Perceived Benefits of Fisheries Management Restrictions in Madagascar
Tim R. McClanahan, Wildlife Conservation Society
Joshua E. Cinner, ARC Centre of Excellence for Coral Reef Studies
Caroline Abunge, Wildlife Conservation Society
Ando Rabearisoa, Conservation International
Paubert Mahatante, University of Toliara
Frederick Ramahatratra, University of Toliara
Norbert Andrianarivelo, Wildlife Conservation Society
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Perceptions of the benefits of fisheries management restrictions were evaluated in coastal Madagascar to identify restrictions that are likely to be self- and community enforced. The survey focused on 24 Malagasy fishing villages adjacent to coral reefs. Resource users' perceptions of the benefits of restrictions were generally high and widespread, but some less positive perceptions were found in three villages located near marine protected areas. Perceptions of the benefits of gear restrictions had widespread support; closed areas, seasons, and minimum sizes of fish were less common; and restrictions on species were supported infrequently. We therefore advocate a management implementation approach that uses these scales of perceived benefits and prioritizes support for the most widely accepted restrictions most broadly, with the less accepted restrictions matched to specific supportive locations. At the village level, socioeconomic and wealth variables were not clearly associated with perceived benefits, which we suggest results from a stronger influence of village history than socioeconomic conditions. At the individual fisher level, however, there was evidence that experienced people involved in decision-making, having livelihood alternatives, and having permanent housing had more opinions and frequently were more supportive of management restrictions. Incorporating this information into forums and management plans is expected to increase the rate of adoption and compliance with needed fisheries restrictions.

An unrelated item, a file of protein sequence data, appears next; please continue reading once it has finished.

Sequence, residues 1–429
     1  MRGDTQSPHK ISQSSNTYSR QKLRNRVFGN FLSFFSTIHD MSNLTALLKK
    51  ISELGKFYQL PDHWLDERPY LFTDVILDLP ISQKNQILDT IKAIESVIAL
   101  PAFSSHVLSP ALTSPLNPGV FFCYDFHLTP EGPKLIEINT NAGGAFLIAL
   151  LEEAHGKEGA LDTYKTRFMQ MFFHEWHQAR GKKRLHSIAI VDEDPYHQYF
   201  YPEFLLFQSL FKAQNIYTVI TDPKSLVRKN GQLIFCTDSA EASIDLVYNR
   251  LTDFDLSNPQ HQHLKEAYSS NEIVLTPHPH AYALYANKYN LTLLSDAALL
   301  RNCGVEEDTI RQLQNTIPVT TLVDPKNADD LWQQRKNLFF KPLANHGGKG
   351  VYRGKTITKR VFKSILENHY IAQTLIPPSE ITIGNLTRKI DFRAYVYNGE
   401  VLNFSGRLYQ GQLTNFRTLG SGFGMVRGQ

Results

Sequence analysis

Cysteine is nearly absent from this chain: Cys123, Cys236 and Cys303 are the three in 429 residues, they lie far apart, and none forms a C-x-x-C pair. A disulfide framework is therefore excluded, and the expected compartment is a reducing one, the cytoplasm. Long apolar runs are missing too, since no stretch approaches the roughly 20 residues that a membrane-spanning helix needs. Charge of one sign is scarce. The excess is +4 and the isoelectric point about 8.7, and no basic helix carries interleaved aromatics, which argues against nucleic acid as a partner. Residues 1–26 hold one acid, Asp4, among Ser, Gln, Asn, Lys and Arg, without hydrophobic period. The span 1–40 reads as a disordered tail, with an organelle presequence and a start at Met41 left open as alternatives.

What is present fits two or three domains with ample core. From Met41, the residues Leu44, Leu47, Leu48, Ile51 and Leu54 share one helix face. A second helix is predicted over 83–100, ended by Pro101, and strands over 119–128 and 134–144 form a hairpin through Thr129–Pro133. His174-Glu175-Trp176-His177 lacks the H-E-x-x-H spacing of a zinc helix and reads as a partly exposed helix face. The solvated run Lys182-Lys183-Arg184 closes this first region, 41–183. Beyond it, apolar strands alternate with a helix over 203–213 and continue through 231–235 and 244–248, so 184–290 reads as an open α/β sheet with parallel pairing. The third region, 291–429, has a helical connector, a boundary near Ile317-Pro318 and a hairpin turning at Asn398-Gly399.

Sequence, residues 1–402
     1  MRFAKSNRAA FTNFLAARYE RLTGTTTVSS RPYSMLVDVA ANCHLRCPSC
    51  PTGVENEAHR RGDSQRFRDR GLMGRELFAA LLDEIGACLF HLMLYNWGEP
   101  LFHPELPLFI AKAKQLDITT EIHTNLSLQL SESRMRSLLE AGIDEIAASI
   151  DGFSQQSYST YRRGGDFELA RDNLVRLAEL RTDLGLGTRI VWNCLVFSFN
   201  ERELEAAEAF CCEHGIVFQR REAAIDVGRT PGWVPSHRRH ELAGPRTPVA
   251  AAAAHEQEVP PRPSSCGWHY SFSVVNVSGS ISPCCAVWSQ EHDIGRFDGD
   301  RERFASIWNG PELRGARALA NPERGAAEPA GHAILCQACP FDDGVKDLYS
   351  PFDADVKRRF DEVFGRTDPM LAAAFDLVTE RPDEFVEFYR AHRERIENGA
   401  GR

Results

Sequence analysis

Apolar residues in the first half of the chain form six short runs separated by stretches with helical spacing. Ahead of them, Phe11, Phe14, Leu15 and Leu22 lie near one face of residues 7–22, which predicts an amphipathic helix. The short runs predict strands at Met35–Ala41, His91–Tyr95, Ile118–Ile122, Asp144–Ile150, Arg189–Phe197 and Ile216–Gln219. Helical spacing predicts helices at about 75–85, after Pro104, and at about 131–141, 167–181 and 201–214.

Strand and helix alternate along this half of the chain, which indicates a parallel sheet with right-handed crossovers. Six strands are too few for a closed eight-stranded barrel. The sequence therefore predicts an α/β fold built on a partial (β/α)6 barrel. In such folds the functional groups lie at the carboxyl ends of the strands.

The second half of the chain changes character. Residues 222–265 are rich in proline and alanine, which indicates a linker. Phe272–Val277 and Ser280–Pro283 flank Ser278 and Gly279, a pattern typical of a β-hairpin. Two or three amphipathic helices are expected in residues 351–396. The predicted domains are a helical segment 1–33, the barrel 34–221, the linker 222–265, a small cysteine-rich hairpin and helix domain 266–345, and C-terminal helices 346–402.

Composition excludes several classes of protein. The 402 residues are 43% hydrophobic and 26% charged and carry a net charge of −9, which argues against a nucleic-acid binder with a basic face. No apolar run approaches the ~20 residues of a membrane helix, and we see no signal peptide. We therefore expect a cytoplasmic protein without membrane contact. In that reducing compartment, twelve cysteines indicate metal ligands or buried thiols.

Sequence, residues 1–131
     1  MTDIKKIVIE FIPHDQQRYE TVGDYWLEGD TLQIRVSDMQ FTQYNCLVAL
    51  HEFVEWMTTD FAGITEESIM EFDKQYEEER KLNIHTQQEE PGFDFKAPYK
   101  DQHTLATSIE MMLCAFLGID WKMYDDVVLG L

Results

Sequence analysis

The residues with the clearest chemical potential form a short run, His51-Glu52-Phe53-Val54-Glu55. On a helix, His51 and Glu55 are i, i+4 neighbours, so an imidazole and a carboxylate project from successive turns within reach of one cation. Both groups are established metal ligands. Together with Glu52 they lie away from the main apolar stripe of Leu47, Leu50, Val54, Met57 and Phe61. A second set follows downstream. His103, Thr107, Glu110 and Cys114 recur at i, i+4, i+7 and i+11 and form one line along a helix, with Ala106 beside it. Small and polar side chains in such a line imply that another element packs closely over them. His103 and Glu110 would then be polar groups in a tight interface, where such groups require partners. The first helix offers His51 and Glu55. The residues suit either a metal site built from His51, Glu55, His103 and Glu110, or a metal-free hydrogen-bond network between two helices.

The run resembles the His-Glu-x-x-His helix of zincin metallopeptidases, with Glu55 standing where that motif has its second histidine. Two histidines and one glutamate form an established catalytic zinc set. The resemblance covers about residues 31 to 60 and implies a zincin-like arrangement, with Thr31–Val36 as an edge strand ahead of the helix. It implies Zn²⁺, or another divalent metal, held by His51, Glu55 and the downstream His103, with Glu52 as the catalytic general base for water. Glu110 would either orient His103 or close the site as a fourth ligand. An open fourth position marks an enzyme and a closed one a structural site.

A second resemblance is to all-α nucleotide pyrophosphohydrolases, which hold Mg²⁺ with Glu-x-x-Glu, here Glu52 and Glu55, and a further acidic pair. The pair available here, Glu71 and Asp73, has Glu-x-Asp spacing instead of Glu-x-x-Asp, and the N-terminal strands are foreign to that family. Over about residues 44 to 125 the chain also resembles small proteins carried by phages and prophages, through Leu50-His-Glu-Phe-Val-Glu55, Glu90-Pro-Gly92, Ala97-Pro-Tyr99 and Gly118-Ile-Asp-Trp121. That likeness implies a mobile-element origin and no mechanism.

attitudes; fisheries management; marine protected area planning; poverty; social-ecological
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